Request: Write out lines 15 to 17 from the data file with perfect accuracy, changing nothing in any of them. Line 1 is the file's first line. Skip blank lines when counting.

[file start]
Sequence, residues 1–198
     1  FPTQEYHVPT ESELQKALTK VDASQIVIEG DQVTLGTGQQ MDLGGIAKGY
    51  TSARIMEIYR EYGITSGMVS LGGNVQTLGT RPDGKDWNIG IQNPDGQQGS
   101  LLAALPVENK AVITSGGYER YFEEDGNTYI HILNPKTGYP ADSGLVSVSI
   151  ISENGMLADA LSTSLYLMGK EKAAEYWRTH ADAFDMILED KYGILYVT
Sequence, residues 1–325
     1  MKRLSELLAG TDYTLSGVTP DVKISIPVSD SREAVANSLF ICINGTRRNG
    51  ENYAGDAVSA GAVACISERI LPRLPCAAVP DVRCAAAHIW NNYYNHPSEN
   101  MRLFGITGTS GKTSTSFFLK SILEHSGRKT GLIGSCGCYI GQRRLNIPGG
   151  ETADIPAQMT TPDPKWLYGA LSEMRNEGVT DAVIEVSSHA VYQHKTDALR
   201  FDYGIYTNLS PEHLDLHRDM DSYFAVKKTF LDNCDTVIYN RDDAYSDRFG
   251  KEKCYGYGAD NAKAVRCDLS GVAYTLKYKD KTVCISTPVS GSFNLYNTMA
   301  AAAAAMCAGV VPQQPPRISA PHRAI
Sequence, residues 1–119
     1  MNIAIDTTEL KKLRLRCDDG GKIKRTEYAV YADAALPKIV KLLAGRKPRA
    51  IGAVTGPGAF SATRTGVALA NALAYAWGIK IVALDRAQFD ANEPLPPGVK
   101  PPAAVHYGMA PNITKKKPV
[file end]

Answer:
     1  MNIAIDTTEL KKLRLRCDDG GKIKRTEYAV YADAALPKIV KLLAGRKPRA
    51  IGAVTGPGAF SATRTGVALA NALAYAWGIK IVALDRAQFD ANEPLPPGVK
   101  PPAAVHYGMA PNITKKKPV